Pages: 338

The Marriage of Miss Jane Austen trilogy:

The Marriage of Miss Jane Austen by Collins HemingwayThe Marriage of Miss Jane Austen Vol II by Collins HemingwayThe Marriage of Miss Jane Austen Volume 3 by Collins Hemingway

Converse via: #HistFic, #HistoricalFiction, #HistRom + #JaneAusten

About Collins Hemingway

Collins Hemingway

Whether his subject is literature, history, or science, Collins Hemingway has a passion for the art of creative investigation. For him, the most compelling fiction deeply explores the heart and soul of its characters, while also engaging them in the complex and often dangerous world in which they have a stake. He wants to explore all that goes into people’s lives and everything that makes tThe hem complete though fallible human beings. His fiction is shaped by the language of the heart and an abiding regard for courage in the face of adversity.

As a nonfiction book author, Hemingway has worked alongside some of the world’s thought leaders on topics as diverse as corporate culture and ethics; the Internet and mobile technology; the ins and outs of the retail trade; and the cognitive potential of the brain. Best known for the #1 best-selling book on business and technology, Business @ the Speed of Thought, which he coauthored with Bill Gates, he has earned a reputation for tackling challenging subjects with clarity and insight, writing for the nontechnical but intelligent reader.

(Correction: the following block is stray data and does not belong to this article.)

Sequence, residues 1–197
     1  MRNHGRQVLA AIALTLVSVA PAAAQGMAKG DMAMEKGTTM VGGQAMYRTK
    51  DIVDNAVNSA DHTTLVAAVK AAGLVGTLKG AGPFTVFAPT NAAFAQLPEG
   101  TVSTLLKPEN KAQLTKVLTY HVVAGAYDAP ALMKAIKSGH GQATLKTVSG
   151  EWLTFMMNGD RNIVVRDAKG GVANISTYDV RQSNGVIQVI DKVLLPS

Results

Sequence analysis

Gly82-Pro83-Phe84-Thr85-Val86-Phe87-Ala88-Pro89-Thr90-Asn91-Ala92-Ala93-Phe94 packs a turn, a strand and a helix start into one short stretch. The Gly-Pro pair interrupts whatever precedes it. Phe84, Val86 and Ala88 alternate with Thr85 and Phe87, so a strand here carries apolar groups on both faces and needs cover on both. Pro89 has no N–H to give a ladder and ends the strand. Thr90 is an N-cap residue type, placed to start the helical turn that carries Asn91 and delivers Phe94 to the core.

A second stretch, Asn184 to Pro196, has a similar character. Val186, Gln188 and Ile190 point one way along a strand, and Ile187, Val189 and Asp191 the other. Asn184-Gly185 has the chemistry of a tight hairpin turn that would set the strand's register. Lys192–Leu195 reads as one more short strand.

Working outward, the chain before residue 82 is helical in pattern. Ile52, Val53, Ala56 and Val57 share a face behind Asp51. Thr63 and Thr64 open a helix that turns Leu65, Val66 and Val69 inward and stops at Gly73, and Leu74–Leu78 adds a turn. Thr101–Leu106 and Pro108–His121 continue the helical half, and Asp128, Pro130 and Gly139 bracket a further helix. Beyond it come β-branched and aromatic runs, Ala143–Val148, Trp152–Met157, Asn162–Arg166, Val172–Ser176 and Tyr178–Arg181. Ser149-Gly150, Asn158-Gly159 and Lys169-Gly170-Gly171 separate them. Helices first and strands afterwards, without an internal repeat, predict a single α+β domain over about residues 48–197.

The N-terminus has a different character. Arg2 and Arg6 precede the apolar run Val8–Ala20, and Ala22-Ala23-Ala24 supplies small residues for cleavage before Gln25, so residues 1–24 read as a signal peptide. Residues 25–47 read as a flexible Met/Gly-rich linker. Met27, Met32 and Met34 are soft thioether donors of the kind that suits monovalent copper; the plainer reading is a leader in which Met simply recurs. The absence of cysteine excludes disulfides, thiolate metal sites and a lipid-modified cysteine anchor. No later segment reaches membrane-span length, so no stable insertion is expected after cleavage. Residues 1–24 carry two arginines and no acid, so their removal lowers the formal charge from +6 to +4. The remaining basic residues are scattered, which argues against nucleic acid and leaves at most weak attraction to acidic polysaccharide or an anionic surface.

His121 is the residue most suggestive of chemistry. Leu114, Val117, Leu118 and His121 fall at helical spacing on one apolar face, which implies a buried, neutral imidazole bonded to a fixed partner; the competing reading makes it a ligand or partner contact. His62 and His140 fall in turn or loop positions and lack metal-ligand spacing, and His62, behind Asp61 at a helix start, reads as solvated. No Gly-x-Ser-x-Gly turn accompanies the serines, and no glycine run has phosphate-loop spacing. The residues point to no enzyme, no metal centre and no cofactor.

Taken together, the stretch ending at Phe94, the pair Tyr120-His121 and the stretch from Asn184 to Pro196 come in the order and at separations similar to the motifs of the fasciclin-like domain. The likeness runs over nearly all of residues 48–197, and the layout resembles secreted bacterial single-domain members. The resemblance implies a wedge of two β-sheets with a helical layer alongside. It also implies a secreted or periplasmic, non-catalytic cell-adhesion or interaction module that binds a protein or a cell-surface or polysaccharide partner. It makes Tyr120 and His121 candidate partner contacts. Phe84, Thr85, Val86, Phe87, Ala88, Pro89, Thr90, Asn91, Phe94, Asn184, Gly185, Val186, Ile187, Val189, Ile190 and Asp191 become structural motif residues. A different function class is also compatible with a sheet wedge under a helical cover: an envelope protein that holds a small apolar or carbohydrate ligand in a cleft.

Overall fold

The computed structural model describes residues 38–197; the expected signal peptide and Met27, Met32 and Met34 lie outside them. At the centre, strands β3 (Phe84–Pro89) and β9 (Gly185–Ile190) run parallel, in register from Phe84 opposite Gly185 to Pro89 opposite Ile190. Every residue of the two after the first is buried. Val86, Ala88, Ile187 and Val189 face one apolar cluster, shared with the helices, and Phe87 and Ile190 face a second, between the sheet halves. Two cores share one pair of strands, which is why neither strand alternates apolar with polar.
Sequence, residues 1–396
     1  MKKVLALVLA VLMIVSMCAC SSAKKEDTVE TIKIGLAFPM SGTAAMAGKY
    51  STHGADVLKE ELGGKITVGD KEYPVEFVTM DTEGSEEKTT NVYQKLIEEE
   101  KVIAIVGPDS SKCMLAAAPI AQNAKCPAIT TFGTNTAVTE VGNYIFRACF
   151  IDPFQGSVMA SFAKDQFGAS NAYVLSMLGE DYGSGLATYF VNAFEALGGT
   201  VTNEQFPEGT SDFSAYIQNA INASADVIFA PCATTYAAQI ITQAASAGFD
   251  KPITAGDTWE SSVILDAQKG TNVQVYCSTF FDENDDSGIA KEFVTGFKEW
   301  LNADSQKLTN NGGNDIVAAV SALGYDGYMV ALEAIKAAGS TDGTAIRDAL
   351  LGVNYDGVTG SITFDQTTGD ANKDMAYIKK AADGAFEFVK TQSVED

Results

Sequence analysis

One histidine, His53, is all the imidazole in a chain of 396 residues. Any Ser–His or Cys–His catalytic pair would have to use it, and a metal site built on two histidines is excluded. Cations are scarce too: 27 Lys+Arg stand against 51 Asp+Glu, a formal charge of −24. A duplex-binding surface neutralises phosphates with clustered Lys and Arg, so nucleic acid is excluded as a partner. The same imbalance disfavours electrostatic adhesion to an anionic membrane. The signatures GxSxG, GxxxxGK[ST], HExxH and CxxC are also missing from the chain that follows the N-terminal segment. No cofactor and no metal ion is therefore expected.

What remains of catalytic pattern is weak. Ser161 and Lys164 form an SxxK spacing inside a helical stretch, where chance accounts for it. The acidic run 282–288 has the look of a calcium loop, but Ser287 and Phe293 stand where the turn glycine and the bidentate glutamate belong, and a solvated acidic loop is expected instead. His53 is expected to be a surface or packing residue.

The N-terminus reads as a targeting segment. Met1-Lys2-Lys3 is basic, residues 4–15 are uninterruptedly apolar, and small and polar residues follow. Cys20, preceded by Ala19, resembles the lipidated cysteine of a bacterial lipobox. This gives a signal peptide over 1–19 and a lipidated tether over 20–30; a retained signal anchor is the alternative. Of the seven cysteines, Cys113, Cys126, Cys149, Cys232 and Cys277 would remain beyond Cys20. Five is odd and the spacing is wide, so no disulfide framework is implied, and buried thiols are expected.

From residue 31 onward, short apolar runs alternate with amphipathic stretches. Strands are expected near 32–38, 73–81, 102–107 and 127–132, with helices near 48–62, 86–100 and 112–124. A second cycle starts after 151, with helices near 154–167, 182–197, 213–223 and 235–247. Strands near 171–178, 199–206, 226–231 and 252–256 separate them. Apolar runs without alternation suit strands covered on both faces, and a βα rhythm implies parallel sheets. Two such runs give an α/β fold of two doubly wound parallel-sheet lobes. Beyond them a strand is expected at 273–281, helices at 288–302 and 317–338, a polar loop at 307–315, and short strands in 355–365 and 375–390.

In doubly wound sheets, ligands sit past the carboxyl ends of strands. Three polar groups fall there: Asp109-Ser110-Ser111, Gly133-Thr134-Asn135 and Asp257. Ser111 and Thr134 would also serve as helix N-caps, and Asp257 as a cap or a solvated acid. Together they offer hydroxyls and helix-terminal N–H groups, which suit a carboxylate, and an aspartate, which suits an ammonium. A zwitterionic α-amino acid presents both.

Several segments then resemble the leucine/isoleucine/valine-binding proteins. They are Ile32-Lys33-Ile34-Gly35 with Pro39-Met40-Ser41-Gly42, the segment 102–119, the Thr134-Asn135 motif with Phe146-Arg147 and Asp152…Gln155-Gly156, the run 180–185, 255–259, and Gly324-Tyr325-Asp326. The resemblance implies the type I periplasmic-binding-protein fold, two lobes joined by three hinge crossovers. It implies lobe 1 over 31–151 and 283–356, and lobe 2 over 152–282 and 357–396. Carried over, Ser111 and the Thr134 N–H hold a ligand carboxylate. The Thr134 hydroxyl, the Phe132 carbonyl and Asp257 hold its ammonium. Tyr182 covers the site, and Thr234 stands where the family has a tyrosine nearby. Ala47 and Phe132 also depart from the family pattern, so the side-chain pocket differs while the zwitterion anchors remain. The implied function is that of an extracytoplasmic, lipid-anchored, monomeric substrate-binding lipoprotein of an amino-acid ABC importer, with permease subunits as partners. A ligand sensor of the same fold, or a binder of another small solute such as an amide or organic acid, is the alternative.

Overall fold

Hemingway has published shorter nonfiction on topics including computer technology, medicine, and aviation, and he has written award-winning journalism.

Published books include The Marriage of Miss Jane Austen trilogy, Business @ the Speed of Thought, with Bill Gates, Built for Growth, with Arthur Rubinfeld, What Happy Companies Know, with Dan Baker and Cathy Greenberg, Maximum Brainpower, with Shlomo Breznitz, and The Fifth Wave, with Robert Marcus.

Hemingway lives in Bend, Oregon, with his wife, Wendy. Together they have three adult sons and three granddaughters. He supports the Oregon Community Foundation and other civic organizations engaged in conservation and social services in Central Oregon.

Read More

Reading this book contributed to these challenges: